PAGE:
Wairarapa News : January 9th 2013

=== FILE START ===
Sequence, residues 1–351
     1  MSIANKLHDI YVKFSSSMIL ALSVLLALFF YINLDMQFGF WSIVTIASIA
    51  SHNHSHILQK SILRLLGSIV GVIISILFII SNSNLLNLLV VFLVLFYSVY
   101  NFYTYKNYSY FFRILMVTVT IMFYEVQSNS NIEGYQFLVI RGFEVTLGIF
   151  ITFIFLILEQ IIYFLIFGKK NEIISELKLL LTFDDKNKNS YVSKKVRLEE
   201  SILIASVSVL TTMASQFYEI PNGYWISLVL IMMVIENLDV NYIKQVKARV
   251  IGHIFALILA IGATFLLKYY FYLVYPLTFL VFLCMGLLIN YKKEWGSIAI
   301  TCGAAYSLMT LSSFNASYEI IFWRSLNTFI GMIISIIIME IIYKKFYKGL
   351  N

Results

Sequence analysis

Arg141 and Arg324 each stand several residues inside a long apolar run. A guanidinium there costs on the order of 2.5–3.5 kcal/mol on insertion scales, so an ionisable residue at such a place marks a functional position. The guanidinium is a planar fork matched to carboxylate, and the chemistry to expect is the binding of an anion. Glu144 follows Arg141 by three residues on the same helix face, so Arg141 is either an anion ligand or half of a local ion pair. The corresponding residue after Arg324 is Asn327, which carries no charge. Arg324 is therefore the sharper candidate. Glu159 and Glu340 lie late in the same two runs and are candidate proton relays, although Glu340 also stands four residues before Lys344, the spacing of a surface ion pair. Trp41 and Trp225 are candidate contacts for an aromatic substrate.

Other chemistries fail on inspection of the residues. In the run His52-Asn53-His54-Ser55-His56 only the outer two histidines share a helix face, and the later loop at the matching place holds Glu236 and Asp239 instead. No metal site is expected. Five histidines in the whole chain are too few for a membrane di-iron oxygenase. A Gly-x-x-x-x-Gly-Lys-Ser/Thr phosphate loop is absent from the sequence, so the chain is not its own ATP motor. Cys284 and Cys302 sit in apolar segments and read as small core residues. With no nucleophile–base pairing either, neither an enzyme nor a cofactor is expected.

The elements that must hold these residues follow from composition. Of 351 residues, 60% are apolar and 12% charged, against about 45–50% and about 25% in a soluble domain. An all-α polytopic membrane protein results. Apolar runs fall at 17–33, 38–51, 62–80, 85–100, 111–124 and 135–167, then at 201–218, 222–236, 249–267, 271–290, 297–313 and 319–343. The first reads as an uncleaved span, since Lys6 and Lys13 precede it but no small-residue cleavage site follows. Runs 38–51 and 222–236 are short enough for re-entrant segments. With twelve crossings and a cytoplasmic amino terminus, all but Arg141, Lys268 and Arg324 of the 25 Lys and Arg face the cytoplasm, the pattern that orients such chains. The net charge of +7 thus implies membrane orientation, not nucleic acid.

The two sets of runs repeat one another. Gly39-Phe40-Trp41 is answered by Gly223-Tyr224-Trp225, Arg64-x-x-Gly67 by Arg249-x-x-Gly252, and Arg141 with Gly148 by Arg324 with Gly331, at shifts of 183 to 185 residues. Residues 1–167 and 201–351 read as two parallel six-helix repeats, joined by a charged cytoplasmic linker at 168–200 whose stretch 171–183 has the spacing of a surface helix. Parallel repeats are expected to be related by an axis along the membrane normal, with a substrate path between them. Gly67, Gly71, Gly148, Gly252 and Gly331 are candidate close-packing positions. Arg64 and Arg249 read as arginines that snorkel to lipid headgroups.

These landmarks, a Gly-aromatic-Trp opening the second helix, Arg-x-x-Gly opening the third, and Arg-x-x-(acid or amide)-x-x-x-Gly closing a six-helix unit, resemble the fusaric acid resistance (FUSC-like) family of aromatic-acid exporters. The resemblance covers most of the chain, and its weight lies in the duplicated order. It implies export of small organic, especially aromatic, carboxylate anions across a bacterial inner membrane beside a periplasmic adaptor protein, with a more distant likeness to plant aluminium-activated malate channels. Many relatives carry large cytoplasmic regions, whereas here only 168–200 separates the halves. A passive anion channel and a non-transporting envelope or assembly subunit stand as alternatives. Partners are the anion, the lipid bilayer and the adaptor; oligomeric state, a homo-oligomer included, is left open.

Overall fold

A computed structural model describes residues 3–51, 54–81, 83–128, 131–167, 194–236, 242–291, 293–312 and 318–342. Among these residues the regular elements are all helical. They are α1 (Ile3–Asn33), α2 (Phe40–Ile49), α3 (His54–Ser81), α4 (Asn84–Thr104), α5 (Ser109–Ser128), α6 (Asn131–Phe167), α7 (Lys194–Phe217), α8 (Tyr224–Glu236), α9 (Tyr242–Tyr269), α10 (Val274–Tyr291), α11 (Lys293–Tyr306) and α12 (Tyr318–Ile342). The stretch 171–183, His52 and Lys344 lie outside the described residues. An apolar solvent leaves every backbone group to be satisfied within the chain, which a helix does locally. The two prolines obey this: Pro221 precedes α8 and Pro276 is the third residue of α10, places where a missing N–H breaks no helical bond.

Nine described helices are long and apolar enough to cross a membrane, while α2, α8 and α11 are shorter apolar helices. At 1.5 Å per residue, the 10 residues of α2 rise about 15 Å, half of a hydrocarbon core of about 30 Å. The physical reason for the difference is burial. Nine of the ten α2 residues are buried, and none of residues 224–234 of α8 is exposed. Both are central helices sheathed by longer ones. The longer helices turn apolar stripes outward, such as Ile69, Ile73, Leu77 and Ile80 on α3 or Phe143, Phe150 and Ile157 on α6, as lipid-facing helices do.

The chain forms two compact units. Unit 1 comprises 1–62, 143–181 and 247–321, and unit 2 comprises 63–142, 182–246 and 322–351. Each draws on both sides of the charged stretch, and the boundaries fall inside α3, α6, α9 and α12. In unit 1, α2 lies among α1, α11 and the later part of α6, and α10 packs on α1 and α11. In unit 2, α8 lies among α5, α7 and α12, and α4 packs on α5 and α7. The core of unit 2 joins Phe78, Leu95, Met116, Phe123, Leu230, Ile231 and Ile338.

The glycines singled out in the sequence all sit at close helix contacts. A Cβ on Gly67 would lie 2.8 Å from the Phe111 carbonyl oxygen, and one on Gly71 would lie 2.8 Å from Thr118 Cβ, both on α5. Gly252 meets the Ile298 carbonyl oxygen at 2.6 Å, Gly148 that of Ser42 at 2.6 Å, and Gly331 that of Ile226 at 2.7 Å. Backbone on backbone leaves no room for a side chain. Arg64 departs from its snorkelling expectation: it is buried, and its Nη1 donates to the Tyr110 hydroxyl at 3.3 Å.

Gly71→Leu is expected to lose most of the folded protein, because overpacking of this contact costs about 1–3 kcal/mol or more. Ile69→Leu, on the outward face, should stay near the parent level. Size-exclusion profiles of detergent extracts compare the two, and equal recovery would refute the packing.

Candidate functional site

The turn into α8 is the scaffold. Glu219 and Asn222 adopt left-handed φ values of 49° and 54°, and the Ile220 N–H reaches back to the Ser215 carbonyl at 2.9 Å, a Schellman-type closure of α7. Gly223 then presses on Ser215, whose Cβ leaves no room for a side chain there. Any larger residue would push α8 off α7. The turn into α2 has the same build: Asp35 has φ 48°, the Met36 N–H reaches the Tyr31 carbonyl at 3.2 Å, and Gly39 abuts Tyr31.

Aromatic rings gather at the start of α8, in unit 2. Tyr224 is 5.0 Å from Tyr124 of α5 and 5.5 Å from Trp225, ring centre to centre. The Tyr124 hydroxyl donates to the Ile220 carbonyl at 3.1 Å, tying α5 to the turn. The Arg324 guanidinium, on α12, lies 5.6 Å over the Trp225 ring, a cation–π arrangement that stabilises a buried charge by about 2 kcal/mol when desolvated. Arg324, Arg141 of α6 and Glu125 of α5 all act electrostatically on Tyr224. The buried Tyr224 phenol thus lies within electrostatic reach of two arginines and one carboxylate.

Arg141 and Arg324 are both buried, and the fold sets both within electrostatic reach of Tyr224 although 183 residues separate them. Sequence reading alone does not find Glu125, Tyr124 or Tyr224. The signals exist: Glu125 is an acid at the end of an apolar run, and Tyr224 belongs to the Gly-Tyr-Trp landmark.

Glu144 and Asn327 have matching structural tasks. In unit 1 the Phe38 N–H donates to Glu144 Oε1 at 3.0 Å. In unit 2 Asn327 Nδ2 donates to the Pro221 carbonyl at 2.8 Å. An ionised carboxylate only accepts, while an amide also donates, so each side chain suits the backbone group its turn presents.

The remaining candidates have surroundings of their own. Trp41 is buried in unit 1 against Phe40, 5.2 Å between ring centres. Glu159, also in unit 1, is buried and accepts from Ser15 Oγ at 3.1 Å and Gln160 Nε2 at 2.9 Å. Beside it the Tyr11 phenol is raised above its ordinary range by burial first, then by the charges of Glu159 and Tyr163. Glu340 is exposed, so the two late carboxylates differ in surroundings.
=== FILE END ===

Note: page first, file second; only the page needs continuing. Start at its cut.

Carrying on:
25 WAIRARAPA NEWS, JANUARY 9, 2013 4981199AB Rural News 3764075AB Register your team today. To find out more: RRRelaay ffor LLiffe 233-2224 Febbruuaryyy 220133 ww ww w.re elayyfo o orlife e.o orggg.n nz email@example.com Phone (06) 378 8039 Sponsored by the Wairarapa News 4910743AA C&F INDUSTRIES NEED A NEW ROOF? • Long run iron • Flashings • Fastenings • Accessories Dalefield Road, Carterton Ph 06 379 8431, Fax 06 379 8436, Email firstname.lastname@example.org 3701770BR ROOFING SUPPLIES AND INSTALLATION Call Gary James 06 3708240 or 0274 722 792 or visit us at 307 High St, Solway, Mstn www.jtm.co.nz YOUR ONE STOP MACHINERY SHOP IN STOCK NOW REESE UFO 2400HL HAY MOWER/TOPPER 4078662CW Features: 2.4M Cut (Out to side of mower) Hydraulic Lift SPECIAL $9,650 + GST RRP $10,995 + GST OPEN SAT MORNINGS 9am - 12pm No-tillage 'best practice' Superior yield: Dr John Baker in front of a Cross Slot drill. New Zealand is slipping fur- ther behind in conservation agriculture, predicts a world authority on no-tillage. Dr John Baker, who's been nominated for the World Food Prize in 2013, says New Zea- land's benign climate, soils and animal-based rotations hide many of the destructive effects of conventional culti- vation. Because of that this country has slipped off the pace in arable soil conser- vation practices, he says. The problem is that many of our arable farmers have been able to ignore alternatives and continue to cultivate their soils instead of being innovative,'' he says. If this happened on a world basis and conventional culti- vation was not replaced by no- tillage within 50 years, there'll be famine and drought in areas of the world. When the soil is cultivated it releases much of the carbon back into the atmosphere. The long term result is a reduction in soil organic matter, deteriorating yields, soil ero- sion, dust storms and ulti- mately famine especially when there is serious pressure to produce more food for an expanding population.'' Dr Baker is frustrated that, while New Zealand has the best no-tillage equipment on the globe, it's one of the slowest nations to adopt it, except in pockets such as the Wairarapa. Resulting from 30 years of research at Massey Univer- sity, Dr Baker decided there had to be a better way to sow seeds. He researched and developed Cross Slot no- tillage drills which penetrate through crop residues or veg- etation on top of the ground and sow seed and fertiliser under the residues in differ- ent bands at the same time. The process causes minimal or low disturbance to the soil, traps the humidity, preserves the micro-organisms and soil life and reduces the amount of carbon that otherwise escapes into the atmosphere. The Cross Slot method has once again been vindicated by the 2006-2011 results from the Foundation for Arable Research (FAR) arable trial at Chertsey in Mid Canterbury. The evidence provided by New Zealand's foremost arable research group shows that no- tillage, done properly, produces superior yields to any other option. But done badly it doesn't. Perhaps this is the problem? We have too much choice in New Zealand and no-tillage gets tainted by farmers who choose to do it in the cheapest way possible rather than the best,'' Dr Baker says. In the Chertsey trial Cross Slot's unirrigated yields were 14 per cent better than the second best treatment, 22 per cent better than the other no- tillage method and 30 per cent better than the worst of all treatments, plough and press'. There's absolutely no nega- tive data in the world about Cross Slot compared to other methods. We're getting the same results in Australia, Europe and North America.'' Dr Baker explains that because climates in many other areas of the world are not as kind as in New Zea- land, farmers have had to be innovative to survive. Cross Slot technology has stood out. The message he's receiving from Australia and the United States is that their yields are the best they've ever been. But Wairarapa is an inter- esting exception in New Zea- land. The seed industry esti- mates that 60 to 70 percent of cereal crops sown in the dis- trict use Cross Slot tech- nology. Wairarapa is a mini Canterbury in the North Island. It has a similar cli- mate and farmers there have come into cropping reasonably recently without a history of traditional attitudes learned from previous generations,'' John says. While Cross Slot may be more expensive as a one-off purchase than its competition, the cost benefits are everlast- ing and, in most cases, will repay the farmer in one to two years.'' In a recent series of pad- dock comparisons in the Tai- hape area, the cost of produc- ing a kilogram of brassica dry matter to feed animals was five cents with Cross Slot no- tillage compared with nine cents for one-pass cultivation, 10 cents for conventional cul- tivation, 15 cents for triple disc no-tillage and 16 cents for helicopter broadcasting. Broadcasting may be cheap but, because much of the seed doesn't germinate, the cost benefits are seldom very good.'' No-tillage is the equivalent of keyhole surgery as opposed to ploughing which is invasive surgery and contributes to global warming. The long term outcome of no-tillage is sustainable food production which can meet millions of families. Dairy cattle numbers keep climbing The number of dairy cattle in New Zealand continues to surge, and is up by more than a million since 2007, accord- ing to Statistics New Zealand. At 6.5 million, there are 1.2 million more dairy cattle in 2012 than in 2007. Dairy numbers have been booming in the last five years. The extra production equates to about 370 two-litre bottles of milk a year for everyone in the country,'' agriculture stat- istics manager Hamish Hill said. These provisional numbers are from the latest five-yearly agricultural production cen- sus. There have been some real changes in the balance of agri- culture in New Zealand since the last census. Dairy's obvi- ously been a big mover, and the sheep number has fallen. Kiwifruit has been holding steady despite the adverse effects of Psa disease,'' Mr Hill said. In 2007, there were nine sheep for every New Zea- lander, but in 2012 this had dropped to seven. The current sheep flock is 31.2 million. The New Zealand wine sec- tor has experienced phenom- enal growth over the last 30 years despite a more recent slow down. The area planted in wine grapes in 2012 is more than six times the area planted in 1982, an increase the size of Great Barrier Island,'' Mr Hill said. The wine industry has grown from having 5280 hectares planted in wine grapes in 1982 to just over 34,020 ha this year.